Difficulties for defendants responding to substantially identical proposed class actions
Britton v. Ford Motor Company of Canada, 2021 ABQB 17 demonstrates that substantially similar class actions in different Canadian jurisdictions can pose headaches for defendants because Canada lacks a national structure for managing them. The case also demonstrates the sometimes slower pace of litigation in Canada (on average) relative to other jurisdictions, particularly the United States.
The case related to alleged engine defects. In 2012, the Merchant Law Group (MLG) filed a proposed national class action in Saskatchewan; Kevin Whittal was the proposed representative plaintiff. There was little activity in the Saskatchewan action and by 2020 no certification hearing had been scheduled.
Mr. Britton—also represented by MLG—filed a substantially identical action in Alberta in 2019 because of the delays in the Saskatchewan action. The defendants applied to stay the Alberta action as an abuse of process because the actions were substantially identical and managed by the same plaintiff firm—Mr. Whittal and Mr. Britton were even cooperating on some issues.
However, with reference to precedents from across Canada, the court held that competing proposed national class actions are not inherently or presumptively abusive. As the court noted, there is no Canadian national class action coordination procedure comparable to multidistrict litigation in the United States. Therefore, overlapping and competing actions are common and managing even substantially identical actions is difficult.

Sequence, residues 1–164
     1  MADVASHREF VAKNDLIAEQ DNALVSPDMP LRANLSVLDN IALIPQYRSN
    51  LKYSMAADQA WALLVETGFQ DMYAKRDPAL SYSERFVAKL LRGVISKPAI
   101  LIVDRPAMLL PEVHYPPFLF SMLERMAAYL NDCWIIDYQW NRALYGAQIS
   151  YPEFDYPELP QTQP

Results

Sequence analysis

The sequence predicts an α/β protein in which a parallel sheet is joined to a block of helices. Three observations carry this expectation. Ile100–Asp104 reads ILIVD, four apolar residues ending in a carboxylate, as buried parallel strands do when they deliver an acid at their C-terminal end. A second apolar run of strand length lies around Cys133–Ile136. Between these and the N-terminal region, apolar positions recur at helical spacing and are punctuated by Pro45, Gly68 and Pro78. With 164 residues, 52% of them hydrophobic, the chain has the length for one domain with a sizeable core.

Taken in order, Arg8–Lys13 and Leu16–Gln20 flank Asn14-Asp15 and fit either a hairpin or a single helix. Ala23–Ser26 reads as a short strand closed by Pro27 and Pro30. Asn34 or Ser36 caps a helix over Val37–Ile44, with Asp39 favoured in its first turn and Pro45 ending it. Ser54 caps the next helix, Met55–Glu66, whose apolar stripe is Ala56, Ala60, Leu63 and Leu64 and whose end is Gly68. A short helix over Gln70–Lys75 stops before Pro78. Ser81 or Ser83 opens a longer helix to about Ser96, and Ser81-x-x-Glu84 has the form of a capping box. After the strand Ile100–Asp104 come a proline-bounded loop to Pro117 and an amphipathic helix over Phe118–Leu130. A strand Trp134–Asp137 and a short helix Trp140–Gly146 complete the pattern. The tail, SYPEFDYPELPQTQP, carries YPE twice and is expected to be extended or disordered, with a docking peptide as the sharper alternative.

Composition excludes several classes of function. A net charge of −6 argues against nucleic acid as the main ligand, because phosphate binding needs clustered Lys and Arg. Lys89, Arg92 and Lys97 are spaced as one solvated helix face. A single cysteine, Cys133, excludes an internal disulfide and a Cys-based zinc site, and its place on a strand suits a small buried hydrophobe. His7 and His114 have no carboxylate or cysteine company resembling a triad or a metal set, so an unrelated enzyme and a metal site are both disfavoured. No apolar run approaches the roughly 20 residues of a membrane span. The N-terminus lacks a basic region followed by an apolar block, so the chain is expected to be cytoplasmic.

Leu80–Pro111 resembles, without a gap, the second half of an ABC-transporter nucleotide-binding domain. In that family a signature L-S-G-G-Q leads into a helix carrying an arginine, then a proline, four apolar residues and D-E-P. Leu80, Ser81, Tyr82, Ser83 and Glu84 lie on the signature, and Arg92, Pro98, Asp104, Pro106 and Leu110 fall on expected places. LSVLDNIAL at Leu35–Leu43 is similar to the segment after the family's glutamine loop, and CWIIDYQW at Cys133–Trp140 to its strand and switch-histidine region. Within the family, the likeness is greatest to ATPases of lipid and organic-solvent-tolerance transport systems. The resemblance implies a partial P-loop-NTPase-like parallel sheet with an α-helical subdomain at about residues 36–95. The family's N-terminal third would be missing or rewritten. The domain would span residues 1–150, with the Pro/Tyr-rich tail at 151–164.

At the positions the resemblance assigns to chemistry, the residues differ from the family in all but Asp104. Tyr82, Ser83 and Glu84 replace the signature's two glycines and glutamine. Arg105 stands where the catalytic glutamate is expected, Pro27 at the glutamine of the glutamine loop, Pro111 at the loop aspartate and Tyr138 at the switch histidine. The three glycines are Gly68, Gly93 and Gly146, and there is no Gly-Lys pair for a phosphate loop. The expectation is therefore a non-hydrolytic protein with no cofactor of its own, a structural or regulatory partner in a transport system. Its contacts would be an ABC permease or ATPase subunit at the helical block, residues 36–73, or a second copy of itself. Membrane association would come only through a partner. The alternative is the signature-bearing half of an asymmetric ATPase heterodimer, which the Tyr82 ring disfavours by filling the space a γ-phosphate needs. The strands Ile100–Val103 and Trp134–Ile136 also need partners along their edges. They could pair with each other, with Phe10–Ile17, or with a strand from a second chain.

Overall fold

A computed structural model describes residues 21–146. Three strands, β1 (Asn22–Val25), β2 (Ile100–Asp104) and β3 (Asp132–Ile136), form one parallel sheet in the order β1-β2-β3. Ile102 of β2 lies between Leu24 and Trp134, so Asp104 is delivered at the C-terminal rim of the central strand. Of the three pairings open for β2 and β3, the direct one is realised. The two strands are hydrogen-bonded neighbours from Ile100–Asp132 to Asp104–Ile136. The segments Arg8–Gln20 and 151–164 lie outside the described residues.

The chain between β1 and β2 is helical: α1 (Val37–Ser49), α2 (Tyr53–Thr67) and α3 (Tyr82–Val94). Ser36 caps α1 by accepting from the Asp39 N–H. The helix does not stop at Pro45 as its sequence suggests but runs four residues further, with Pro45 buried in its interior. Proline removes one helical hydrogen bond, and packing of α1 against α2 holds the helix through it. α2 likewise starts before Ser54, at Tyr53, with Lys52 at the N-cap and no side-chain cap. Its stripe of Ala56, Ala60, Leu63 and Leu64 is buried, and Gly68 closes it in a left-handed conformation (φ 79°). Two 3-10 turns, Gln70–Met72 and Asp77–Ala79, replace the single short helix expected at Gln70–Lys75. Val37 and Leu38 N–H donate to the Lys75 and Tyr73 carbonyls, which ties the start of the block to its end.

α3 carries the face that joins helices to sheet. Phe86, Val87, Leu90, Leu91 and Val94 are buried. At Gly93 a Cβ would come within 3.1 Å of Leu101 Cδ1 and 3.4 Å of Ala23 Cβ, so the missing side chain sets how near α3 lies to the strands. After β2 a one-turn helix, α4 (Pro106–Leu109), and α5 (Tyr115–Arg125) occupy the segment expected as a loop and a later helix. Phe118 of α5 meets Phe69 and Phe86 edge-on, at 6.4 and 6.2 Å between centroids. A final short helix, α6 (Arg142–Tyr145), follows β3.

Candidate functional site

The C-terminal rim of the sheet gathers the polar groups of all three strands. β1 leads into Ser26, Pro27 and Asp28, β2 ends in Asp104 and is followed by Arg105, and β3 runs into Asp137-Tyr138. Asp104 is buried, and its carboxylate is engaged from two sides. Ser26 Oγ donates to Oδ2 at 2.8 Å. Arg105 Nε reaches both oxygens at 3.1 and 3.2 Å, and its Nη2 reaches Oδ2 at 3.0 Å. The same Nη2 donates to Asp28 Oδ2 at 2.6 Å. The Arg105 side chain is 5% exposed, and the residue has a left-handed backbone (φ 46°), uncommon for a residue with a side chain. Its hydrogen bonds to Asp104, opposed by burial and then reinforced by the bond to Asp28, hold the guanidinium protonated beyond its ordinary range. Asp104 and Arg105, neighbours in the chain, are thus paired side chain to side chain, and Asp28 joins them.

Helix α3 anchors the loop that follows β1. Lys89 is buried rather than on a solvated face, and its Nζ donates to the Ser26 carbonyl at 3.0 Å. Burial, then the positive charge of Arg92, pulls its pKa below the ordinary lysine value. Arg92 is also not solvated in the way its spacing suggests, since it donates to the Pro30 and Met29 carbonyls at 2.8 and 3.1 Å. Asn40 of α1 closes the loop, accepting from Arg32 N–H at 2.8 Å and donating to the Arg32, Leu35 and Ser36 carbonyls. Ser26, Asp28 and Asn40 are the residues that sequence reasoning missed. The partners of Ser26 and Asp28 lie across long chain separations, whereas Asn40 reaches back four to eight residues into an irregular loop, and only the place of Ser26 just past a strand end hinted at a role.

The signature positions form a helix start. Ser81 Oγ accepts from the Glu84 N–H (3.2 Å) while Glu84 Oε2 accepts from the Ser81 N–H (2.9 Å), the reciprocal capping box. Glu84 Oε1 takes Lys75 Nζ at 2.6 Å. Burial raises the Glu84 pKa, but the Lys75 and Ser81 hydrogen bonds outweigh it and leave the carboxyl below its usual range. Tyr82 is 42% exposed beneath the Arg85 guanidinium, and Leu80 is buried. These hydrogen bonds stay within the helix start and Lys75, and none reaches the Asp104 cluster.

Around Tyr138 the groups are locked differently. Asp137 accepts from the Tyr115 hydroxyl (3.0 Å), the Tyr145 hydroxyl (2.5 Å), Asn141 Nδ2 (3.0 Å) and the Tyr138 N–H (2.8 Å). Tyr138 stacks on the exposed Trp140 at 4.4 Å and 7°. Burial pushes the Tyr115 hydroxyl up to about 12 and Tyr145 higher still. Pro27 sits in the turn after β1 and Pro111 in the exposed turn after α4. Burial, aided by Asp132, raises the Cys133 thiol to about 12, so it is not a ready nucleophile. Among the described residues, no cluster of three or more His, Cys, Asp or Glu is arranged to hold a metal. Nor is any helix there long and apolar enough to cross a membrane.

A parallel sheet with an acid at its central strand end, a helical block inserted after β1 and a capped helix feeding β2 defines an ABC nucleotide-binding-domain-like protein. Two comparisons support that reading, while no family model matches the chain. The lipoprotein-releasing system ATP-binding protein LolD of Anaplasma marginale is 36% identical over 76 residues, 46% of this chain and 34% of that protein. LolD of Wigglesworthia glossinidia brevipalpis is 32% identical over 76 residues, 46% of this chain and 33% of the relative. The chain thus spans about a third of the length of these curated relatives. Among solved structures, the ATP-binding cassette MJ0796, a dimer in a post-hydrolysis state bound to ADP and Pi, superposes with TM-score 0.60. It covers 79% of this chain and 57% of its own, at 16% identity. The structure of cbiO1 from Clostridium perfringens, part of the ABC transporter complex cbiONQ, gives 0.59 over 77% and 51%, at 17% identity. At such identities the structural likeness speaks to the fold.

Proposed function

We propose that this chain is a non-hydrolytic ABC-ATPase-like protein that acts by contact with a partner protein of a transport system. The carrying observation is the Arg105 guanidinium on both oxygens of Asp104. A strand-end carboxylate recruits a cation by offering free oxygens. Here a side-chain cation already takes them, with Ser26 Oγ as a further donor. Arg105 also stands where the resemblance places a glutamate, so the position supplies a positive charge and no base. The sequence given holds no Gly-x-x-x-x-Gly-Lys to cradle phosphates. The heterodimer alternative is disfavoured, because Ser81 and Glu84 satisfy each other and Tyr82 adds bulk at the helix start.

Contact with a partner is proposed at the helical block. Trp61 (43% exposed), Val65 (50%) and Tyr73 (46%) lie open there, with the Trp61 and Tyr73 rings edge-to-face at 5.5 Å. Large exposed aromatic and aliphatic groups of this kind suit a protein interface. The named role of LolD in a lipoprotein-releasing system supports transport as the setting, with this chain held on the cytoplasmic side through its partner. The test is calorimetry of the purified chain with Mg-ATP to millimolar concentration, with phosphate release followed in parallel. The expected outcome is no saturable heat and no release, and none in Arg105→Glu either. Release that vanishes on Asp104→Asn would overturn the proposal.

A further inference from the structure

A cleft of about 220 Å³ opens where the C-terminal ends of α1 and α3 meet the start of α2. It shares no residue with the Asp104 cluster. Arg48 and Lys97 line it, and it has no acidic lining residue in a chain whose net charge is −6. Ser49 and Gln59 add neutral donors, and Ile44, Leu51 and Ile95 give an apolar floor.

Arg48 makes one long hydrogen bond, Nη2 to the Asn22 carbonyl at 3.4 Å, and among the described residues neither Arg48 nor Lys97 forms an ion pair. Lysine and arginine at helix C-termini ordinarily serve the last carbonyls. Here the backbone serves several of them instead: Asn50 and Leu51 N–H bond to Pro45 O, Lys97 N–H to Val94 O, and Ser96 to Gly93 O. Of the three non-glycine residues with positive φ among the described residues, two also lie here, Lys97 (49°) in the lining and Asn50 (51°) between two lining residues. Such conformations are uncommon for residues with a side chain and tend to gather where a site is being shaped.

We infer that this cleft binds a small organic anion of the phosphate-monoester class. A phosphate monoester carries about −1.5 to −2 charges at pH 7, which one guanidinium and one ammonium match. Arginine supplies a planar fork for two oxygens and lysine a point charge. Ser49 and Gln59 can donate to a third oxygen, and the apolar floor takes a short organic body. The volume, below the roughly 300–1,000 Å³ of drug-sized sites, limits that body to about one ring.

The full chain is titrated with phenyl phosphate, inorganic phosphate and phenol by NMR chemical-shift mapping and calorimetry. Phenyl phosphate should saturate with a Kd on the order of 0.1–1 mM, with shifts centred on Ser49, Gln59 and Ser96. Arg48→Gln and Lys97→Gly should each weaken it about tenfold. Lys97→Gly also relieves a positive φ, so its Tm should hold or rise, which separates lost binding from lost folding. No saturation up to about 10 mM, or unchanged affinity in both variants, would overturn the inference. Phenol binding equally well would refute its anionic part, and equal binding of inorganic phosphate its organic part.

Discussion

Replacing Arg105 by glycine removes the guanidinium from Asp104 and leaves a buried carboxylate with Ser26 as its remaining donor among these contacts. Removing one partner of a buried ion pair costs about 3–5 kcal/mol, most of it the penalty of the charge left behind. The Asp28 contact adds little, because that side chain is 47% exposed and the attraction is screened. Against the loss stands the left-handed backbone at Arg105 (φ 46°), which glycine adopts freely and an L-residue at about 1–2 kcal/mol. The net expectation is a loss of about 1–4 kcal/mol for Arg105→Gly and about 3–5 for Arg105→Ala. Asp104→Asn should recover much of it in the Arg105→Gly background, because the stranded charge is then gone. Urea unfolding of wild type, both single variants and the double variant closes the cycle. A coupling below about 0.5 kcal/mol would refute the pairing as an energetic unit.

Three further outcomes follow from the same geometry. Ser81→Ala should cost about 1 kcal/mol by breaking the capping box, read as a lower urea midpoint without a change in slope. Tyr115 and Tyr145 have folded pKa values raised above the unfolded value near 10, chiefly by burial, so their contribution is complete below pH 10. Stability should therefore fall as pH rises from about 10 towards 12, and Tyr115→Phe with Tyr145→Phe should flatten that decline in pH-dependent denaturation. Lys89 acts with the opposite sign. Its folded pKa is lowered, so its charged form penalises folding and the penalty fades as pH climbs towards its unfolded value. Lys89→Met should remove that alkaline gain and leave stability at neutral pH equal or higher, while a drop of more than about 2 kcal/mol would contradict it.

Defendants applying to stay one of several competing proposed class actions also bear the onus of proving that it serves no legitimate purpose. In this case the defendants failed in their attempt to reverse that onus.
MLG nevertheless tried to justify the action because (i) of the delays in Saskatchewan and (ii) it would preserve limitation periods in Alberta. The court held that the first justification was unsatisfactory because similar actions by effectively the same party should be discouraged—MLG had significant influence over the progress of the Saskatchewan action and the plaintiffs were cooperative.
On limitation periods, the court held that “sometimes commencing an action later is better than never” (para. 29), even if the Alberta action was filed many years after the vehicles were made and Mr. Britton apparently learned of the alleged defect.
Ultimately, the court preferred to deal with limitation periods at certification and therefore refused the stay. Alberta’s Class Proceedings Act requires the court to consider whether it would preferable for the proposed common issues to be resolved in a competing class action when resolving a certification application. The court directed the parties to address the limitation period issues and the impact of potential coordination between Alberta and Saskatchewan in that context. The court concluded by forewarning MLG that it would ask for a substantive proposal to address the parallel actions at certification.